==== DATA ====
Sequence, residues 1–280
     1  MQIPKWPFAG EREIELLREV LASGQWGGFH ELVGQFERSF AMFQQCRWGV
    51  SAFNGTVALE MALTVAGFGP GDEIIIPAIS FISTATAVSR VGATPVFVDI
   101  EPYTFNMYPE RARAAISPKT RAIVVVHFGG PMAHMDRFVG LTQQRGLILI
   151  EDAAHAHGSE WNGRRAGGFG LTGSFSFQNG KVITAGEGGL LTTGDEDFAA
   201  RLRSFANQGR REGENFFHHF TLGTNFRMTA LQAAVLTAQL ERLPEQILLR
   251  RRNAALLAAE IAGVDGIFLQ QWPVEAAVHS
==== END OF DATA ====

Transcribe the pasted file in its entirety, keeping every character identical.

Sequence, residues 1–280
     1  MQIPKWPFAG EREIELLREV LASGQWGGFH ELVGQFERSF AMFQQCRWGV
    51  SAFNGTVALE MALTVAGFGP GDEIIIPAIS FISTATAVSR VGATPVFVDI
   101  EPYTFNMYPE RARAAISPKT RAIVVVHFGG PMAHMDRFVG LTQQRGLILI
   151  EDAAHAHGSE WNGRRAGGFG LTGSFSFQNG KVITAGEGGL LTTGDEDFAA
   201  RLRSFANQGR REGENFFHHF TLGTNFRMTA LQAAVLTAQL ERLPEQILLR
   251  RRNAALLAAE IAGVDGIFLQ QWPVEAAVHS